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[329] their resistance for at least a portion of the following morning, and might thus have secured their deliverance at the cost of some sacrifice. But an invincible enemy was in their ranks. Disorder and discouragement deprived the commanders of all presence of mind, and their still numerous troops of all energy. They were conquered before they had fought. During the evening Walker had succeeded in planting his batteries on Loudon Heights, and as soon as daylight appeared he opened, simultaneously with McLaws, a plunging fire upon Harper's Ferry, the amphitheatre of which seemed to have been arranged expressly to serve as a target. Jackson on his side cannonaded the Federal batteries from Bolivar Heights. This was enough to put an end to a contest so feebly sustained. The bombardment had not lasted one hour when Miles called his corps commanders together, and announced to them his determination to capitulate. Every one assented. The situation, however, was so far from being desperate that the evening previous all the Federal cavalry had been able quietly to leave the place by the left bank of the river. Passing between McLaws and the rest of the Confederate army, it had reached Pennsylvania, and had even captured a convoy of Longstreet's corps on the way. If the eleven thousand five hundred men who were yet at Harper's Ferry after the cavalry had left had followed the same road, McLaws could not have barred their passage, and they would not have had to go far to effect a junction with Franklin. The latter, in fact, was only separated from them by four or five kilometres, and he did not cease firing alarm-guns to announce his approach.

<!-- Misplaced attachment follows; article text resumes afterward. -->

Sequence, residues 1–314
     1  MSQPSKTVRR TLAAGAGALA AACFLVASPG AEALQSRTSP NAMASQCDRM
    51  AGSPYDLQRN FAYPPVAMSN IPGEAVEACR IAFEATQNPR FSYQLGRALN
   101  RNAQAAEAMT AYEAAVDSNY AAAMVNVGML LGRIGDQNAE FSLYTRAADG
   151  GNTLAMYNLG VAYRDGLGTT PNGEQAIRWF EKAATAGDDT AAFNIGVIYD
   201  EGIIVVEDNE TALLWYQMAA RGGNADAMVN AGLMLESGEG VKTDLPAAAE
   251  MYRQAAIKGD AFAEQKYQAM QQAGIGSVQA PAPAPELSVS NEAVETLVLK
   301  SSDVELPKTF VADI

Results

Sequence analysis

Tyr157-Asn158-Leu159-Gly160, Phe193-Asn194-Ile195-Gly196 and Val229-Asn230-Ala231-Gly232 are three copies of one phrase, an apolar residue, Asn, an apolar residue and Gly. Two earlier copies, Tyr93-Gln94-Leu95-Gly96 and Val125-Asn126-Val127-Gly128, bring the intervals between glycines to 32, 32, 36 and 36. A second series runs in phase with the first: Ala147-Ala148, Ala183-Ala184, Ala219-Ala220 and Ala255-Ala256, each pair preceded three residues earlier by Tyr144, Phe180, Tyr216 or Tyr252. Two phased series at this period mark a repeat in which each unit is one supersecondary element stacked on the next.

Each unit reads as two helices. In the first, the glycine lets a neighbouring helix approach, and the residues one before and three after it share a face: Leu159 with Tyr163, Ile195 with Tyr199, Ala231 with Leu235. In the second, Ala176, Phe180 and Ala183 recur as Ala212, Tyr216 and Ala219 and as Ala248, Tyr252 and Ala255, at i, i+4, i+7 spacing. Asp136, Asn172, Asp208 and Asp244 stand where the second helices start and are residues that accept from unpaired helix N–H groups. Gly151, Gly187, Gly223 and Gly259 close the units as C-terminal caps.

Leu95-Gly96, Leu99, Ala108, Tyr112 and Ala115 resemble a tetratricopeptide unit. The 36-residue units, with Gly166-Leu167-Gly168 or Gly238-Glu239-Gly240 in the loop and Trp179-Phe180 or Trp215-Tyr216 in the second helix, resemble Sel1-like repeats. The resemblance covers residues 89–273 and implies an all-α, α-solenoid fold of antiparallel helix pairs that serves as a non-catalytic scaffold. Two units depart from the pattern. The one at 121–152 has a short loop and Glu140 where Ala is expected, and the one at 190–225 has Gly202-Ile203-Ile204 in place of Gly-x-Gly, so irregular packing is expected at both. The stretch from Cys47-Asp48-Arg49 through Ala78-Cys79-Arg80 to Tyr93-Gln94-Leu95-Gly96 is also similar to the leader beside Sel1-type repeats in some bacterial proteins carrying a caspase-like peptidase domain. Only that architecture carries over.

But the distant echo of this friendly voice was unheard amid the thunder of the Confederate artillery, whose fire was becoming more and more vigorous, in order to hasten the capitulation of Harper's Ferry before the arrival of the reinforcements which were known to be at hand. It was one of those questions of a few hours—minutes, even—upon which at times hangs the issue of the most important events. If Miles had complied with the promise he had made to McClellan on the evening of the 13th—if, as the latter had requested him through an officer who had crossed the enemy's lines, he had held his ground till the evening of the 15th— he would have seen Franklin's heads of column appear on Maryland

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